[This was originally published on RiskBasedSecurity.com in the 2017 Q3 Vulnerability QuickView report.]
In October, Bill Ladd of Recorded Future released a study comparing CVE and the U.S. National
Vulnerability Database (NVD) with China’s National Vulnerability Database (CNNVD). This report, titled
“The Dragon Is Winning: U.S. Lags Behind Chinese Vulnerability Reporting” was covered by John Leyden in
The Register and Dune Lawrence for Bloomberg. Mr. Ladd’s article gives a good breakdown of the
relationship between CVE and NVD, as well as their shortcomings, which many in the industry still don’t
fully understand. We’ll examine Mr. Ladd’s four “key takeaways” and share our thoughts and perspective:
1 – “Organizations need access to the latest vulnerability (CVE) information to manage their exposure to risk.”
There is no disputing that organizations need access to the latest vulnerability information. However, perhaps the most dangerous part of Mr. Ladd’s takeaway is associating CVE with that role. CVE is a USA government funded project that calls itself “a dictionary of publicly known information security vulnerabilities and exposures” and says it “is not a vulnerability database”. Rather, CVE was designed to “provide common names for publicly known problems” with the design of “[allowing] vulnerability databases and other capabilities to be linked together, and to facilitate the comparison of security tools and services.”
CVE is one of many sources of vulnerability information available. As his own article points out, as well as this report and many other articles, CVE is not a vulnerability database and generally not associated with providing the “latest” information.
2 – “The U.S. National Vulnerability Database (NVD) trails China’s National Vulnerability Database (CNNVD) in average time between initial disclosure and database inclusion (33 days versus 13 days) — China isn’t directly integrated in managing CVEs, but are still able to report vulnerabilities more rapidly than the U.S.”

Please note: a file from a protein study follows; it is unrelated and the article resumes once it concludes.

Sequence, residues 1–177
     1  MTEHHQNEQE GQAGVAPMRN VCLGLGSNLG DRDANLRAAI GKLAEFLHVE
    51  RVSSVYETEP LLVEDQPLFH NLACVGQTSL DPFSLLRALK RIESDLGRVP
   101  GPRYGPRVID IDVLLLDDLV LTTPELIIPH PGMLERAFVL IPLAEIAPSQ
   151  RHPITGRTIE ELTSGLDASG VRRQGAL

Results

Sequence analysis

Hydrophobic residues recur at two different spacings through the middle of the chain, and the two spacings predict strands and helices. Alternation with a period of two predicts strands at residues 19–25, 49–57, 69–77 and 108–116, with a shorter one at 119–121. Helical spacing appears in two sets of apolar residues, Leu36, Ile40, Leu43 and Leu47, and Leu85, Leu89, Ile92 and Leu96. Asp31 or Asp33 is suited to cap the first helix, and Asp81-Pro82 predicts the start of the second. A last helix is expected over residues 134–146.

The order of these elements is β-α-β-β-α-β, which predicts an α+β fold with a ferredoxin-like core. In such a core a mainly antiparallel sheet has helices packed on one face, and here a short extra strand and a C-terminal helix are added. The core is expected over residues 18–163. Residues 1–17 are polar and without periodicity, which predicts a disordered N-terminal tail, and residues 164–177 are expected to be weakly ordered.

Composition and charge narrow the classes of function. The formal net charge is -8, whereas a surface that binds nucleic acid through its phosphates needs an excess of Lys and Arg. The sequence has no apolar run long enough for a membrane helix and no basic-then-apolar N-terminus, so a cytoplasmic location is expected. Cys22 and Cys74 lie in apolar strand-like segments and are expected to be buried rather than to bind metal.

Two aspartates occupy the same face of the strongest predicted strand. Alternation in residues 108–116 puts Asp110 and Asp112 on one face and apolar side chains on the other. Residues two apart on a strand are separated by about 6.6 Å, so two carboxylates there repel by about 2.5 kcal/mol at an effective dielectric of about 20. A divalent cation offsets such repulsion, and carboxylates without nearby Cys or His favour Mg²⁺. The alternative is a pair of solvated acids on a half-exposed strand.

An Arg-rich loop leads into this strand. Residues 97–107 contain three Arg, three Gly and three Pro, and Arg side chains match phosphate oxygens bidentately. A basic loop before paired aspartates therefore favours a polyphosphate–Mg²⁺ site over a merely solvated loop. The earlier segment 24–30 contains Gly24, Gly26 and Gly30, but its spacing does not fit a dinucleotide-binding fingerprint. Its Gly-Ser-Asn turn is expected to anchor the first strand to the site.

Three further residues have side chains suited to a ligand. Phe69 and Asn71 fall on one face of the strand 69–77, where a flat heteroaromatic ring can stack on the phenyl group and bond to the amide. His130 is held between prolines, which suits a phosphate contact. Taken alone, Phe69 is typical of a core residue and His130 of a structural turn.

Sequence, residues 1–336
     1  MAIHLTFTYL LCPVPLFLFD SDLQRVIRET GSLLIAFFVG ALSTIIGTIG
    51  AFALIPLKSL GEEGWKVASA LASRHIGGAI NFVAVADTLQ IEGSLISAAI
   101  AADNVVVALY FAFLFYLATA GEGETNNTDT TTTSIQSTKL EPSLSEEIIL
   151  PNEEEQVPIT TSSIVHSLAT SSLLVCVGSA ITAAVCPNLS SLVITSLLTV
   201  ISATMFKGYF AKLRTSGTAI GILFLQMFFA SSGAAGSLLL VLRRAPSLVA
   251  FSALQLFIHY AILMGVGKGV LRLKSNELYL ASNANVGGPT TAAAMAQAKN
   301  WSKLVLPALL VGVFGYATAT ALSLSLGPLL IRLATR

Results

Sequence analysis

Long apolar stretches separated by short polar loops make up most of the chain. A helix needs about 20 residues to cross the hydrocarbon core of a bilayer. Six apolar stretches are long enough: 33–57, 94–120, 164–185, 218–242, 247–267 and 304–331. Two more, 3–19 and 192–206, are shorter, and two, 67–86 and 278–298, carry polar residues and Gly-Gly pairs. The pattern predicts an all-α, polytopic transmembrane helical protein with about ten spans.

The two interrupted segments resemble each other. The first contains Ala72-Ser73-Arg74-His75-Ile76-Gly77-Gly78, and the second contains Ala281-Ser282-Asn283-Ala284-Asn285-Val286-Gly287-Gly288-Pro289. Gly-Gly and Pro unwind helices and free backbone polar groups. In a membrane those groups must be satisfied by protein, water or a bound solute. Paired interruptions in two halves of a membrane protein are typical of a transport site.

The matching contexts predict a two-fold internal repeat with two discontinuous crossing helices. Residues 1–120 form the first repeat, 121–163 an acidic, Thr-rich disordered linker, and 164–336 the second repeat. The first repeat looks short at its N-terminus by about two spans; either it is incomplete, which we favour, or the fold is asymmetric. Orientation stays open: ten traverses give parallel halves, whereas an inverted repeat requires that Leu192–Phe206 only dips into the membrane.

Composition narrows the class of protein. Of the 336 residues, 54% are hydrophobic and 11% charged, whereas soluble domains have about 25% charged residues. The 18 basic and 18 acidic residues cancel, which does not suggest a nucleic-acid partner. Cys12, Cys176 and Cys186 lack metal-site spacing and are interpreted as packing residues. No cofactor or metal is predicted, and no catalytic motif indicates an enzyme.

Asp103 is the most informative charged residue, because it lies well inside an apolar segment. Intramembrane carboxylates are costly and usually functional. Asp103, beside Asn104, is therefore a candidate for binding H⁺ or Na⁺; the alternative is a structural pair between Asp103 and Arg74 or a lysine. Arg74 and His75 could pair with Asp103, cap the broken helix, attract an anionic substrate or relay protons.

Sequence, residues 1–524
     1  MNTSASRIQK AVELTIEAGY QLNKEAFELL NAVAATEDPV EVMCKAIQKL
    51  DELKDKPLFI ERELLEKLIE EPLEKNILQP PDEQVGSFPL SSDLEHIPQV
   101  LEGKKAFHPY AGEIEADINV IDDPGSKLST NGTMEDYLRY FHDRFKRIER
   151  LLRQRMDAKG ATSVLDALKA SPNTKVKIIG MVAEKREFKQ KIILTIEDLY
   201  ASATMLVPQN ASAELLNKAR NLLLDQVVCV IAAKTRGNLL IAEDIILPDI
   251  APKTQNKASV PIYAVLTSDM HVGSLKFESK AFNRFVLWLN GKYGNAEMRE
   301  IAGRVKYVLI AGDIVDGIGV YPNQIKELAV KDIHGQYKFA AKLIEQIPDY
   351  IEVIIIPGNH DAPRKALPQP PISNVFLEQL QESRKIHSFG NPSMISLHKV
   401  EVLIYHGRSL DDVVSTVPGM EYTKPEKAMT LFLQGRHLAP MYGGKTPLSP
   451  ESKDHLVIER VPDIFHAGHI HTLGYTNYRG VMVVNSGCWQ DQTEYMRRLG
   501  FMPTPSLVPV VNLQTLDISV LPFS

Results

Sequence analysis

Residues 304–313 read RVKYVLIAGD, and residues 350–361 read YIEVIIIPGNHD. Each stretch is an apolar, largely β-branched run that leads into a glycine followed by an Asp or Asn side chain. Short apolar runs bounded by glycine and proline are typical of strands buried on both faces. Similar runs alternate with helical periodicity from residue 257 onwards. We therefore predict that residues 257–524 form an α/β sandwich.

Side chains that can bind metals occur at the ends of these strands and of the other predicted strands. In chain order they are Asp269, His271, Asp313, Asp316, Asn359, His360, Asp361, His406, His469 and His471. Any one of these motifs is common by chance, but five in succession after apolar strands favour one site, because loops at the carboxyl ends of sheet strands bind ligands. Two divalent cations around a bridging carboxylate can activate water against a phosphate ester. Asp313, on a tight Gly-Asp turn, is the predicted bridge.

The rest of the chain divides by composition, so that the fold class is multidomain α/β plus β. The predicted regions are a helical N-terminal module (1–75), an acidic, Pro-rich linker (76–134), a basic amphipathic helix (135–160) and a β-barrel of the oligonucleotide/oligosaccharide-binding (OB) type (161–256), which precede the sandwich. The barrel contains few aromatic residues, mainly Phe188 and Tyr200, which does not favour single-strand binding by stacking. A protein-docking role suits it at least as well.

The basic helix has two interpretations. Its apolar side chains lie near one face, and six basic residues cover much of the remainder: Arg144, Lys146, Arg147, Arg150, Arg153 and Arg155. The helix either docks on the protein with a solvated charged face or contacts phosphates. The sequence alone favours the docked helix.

Mr. Ladd’s analysis is interesting and largely confirms what RBS has known and reported for a long time. Although CNNVD may be quicker to populate their database with some CVE IDs, but organizations focused on NVD vs. CNNVD are missing the larger issue: Both sources (CNNVD and NVD) are not vulnerability databases that can be depended upon to provide vulnerability intelligence to protect your network. Ultimately, those 13 days or 33 days will not matter if the vulnerability used to exploit your organization is not found in either source.
3 – “CNNVD actively gathers vulnerability information across the web. NVD should do this but instead waits for voluntary submission by vendors.”
As stated above, this would be a task MITRE would have to undertake. Unfortunately, even with such a drastic change for MITRE’s process, CVE, NVD, and CNNVD will still be far behind more mature services. This is part of the VulnDB methodology and has resulted in us having all of those CVE IDs mentioned above in our database, and more, while still marked as RESERVED in CVE. More important, that methodology is why there is such a huge difference in the number of vulnerabilities aggregated by RBS over MITRE as we continually find additional vulnerabilities not included in CVE-based databases.
The Register article ends with a quote from Katie Moussouris, who said “NVD is run by a small group with limited resources. Most who need real time vulnerability info don’t rely on it. Commercial services fill that role.” Ms. Moussouris is absolutely correct. Companies, serious about information security, cannot rely solely on CVE, NVD, or CNNVD, if they want to protect their organization’s assets. Finally, please don’t conclude from Ms. Moussouris’ comment that more tax dollars could fix the short-comings in NVD. In our opinion, the issue is more about a lack of vulnerability expertise, process efficiency and the mission to provide a comprehensive and timely vulnerability intelligence database.